Utahns, already notable nationally for their charitable contributions, are also very giving with their time.

The state's residents have the highest rate of adults who volunteer nationally, with close to half of the adults in the state giving some of their time to help the less fortunate. Urban residents also placed well in the report, which is being released today by the Corporation for National and Community Service, with Salt Lake City ranking second among big cities and Provo first among small cities.

The CNCS, an independent federal agency, used Census Bureau data to determine its state and city rankings, which are based on three-year averages for 2005 through 2007.

The high volunteer rates in Utah and several of its cities are attributed in part to civic-mindedness among the state's many Mormons, but Bill Hulterstrom, president of the Provo-based United Way of Utah County, said other factors also were at work.

"I believe that people here really feel like they can make a difference," he said. "We do not wait for others to fix our problems or neighborhoods."

By state, Utah had the highest rate of voluntarism, 43.9 percent, followed by Nebraska, Minnesota, Alaska and Montana. Nevada had the lowest state rate, 17.7 percent; Florida and New York were the next lowest.

Minneapolis-St. Paul was the top-ranked big city, just ahead of Salt Lake, while Portland, Ore., was third. At the bottom of the rankings were Miami, with a voluntarism rate of 14.5 percent; Las Vegas; and New York City.

Among 25 mid-size cities, Provo came in first with a 63 percent rate — the highest of any jurisdiction in the report.

Nationally, the volunteer rate fell in 2007 for the second year in a row, to 26.2 percent. One of the problems, according to Robert Grimm, director of research for the Corporation for National and Community Service (CNCS), was what he calls "the leaky bucket" of voluntarism.

Nationally, about one in three people who volunteer in a given year do not do so the following year.

"There's interest in volunteering in a lot of people, but they're just not staying with it," Grimm said.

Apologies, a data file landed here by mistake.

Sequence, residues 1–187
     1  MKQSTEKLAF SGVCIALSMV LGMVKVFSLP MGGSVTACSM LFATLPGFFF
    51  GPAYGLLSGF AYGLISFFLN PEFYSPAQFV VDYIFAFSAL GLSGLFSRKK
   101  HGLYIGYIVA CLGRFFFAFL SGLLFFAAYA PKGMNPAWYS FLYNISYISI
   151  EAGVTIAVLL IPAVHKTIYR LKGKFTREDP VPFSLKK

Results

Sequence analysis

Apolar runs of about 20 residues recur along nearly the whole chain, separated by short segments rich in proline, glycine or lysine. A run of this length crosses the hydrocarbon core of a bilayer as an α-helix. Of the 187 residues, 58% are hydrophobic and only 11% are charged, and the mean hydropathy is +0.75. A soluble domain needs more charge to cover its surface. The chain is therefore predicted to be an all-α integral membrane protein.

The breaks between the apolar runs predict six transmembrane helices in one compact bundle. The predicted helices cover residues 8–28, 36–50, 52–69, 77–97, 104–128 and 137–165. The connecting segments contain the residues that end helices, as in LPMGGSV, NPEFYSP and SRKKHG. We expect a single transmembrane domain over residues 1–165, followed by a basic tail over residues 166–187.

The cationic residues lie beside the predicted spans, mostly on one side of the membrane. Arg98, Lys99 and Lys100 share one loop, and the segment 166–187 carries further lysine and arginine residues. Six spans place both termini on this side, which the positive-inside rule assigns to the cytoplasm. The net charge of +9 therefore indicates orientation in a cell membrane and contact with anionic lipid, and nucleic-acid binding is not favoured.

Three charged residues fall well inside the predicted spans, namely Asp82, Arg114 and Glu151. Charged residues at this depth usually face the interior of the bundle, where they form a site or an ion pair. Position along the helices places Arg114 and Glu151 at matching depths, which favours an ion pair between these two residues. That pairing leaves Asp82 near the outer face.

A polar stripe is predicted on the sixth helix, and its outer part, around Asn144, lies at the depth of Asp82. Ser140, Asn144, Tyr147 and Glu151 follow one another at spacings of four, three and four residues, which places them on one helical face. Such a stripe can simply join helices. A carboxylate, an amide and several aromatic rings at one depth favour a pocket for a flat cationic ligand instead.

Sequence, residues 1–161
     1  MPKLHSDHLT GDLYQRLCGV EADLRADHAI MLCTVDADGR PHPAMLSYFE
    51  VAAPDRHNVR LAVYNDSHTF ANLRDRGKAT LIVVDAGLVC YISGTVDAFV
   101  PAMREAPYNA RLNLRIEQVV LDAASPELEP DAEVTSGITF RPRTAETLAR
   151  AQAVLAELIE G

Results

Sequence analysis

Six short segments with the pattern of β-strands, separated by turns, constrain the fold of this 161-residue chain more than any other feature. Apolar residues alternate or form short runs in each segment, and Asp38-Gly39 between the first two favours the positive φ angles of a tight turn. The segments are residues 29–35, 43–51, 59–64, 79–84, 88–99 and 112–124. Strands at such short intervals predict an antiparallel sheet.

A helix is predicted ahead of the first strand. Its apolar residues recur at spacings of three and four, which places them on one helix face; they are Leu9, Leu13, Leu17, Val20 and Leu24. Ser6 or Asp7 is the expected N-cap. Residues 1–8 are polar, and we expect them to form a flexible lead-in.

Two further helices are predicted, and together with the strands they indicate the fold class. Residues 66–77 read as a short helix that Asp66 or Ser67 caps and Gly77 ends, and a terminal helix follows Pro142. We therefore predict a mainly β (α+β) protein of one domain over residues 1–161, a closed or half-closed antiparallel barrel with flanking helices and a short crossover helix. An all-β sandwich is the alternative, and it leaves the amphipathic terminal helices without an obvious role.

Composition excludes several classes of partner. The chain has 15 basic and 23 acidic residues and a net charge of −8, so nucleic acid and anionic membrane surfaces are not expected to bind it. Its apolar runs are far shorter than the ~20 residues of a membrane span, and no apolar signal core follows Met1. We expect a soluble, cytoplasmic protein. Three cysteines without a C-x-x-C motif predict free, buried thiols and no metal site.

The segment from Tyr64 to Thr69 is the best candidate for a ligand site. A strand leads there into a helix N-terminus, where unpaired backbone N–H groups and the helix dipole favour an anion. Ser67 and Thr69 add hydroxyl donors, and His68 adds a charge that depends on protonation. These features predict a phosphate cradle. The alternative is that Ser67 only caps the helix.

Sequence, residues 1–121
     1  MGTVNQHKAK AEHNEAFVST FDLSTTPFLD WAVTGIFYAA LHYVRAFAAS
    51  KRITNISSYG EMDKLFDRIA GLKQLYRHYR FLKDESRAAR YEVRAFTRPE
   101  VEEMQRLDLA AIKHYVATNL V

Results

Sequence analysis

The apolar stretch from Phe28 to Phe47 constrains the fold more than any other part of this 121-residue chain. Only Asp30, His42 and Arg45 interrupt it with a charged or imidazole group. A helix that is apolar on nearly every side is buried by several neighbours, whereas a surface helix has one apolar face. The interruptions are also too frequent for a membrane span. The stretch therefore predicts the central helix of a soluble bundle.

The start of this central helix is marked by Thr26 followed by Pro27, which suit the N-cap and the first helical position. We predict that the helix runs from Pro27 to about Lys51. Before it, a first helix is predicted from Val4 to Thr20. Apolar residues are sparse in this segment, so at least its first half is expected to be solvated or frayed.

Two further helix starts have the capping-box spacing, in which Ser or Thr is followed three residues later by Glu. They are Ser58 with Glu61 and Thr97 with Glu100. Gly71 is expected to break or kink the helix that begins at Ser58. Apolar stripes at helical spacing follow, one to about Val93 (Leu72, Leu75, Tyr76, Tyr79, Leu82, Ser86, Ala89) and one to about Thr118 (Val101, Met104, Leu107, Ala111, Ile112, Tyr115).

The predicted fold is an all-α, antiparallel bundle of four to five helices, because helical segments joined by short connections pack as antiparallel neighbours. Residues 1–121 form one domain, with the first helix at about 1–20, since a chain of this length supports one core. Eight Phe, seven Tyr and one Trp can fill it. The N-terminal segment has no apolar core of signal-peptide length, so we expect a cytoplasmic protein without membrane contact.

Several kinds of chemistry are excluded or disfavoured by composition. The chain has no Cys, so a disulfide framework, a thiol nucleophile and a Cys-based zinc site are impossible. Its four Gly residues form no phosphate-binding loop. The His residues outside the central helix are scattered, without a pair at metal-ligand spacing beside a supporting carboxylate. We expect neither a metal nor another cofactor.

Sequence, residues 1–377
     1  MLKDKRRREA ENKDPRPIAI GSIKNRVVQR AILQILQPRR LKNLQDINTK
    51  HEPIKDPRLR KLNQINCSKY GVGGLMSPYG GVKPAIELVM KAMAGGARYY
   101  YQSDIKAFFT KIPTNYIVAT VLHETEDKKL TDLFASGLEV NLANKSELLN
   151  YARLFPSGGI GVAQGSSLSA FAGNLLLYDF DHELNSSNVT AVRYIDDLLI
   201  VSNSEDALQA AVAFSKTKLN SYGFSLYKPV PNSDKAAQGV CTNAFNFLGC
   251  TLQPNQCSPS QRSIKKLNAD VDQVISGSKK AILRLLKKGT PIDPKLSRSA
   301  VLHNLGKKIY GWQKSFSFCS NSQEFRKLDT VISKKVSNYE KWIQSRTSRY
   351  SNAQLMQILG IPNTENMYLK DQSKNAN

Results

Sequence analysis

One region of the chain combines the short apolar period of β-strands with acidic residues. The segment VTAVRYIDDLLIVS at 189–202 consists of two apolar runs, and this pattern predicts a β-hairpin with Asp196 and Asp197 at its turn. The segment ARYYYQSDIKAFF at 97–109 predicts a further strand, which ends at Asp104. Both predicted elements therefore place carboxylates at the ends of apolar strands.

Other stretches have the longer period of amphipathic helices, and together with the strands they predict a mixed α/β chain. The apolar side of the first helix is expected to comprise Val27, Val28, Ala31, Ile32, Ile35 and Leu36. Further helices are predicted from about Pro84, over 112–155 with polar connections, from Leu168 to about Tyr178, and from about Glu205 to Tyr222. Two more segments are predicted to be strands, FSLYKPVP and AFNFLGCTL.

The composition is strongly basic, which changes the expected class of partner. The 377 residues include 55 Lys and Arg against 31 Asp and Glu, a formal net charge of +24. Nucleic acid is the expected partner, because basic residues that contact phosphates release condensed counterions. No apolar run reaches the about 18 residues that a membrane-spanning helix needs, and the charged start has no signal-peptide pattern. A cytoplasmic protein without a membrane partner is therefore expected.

Rapid turnover is a problem across the country, and one of the reasons the national rate dropped again in 2007 after reaching 28.8 percent in 2005. In all, 60.8 million Americans 16 and older performed roughly 8.1 billion hours of volunteer service in 2007.

On the bright side, the report concluded that "volunteer intensity" is increasing, with 34 percent of volunteers contributing more than 100 hours of service in a year — the highest rate for that category since 2002.

On the worrisome side were mounting concerns that economic woes — including high gasoline prices and job insecurity — would be deterrents for some would-be volunteers.

"With more people in need — losing houses, losing jobs — there are more people to serve," said CNCS board Chairman Stephen Goldsmith. "You have fewer people helping and more people needing help."

But even in Miami, things are improving. Multiple agencies reported more volunteers this year, although they said keeping them is hard.

Lynn Heyman, who heads the volunteer program at Miami Children's Hospital, said she has 600 active volunteers at any given time, more than ever. But the hospital must hold orientations twice monthly to keep volunteers streaming in to replace departing ones.

"I don't think the days of people volunteering with an organization for years and years are still with us," Heyman said.

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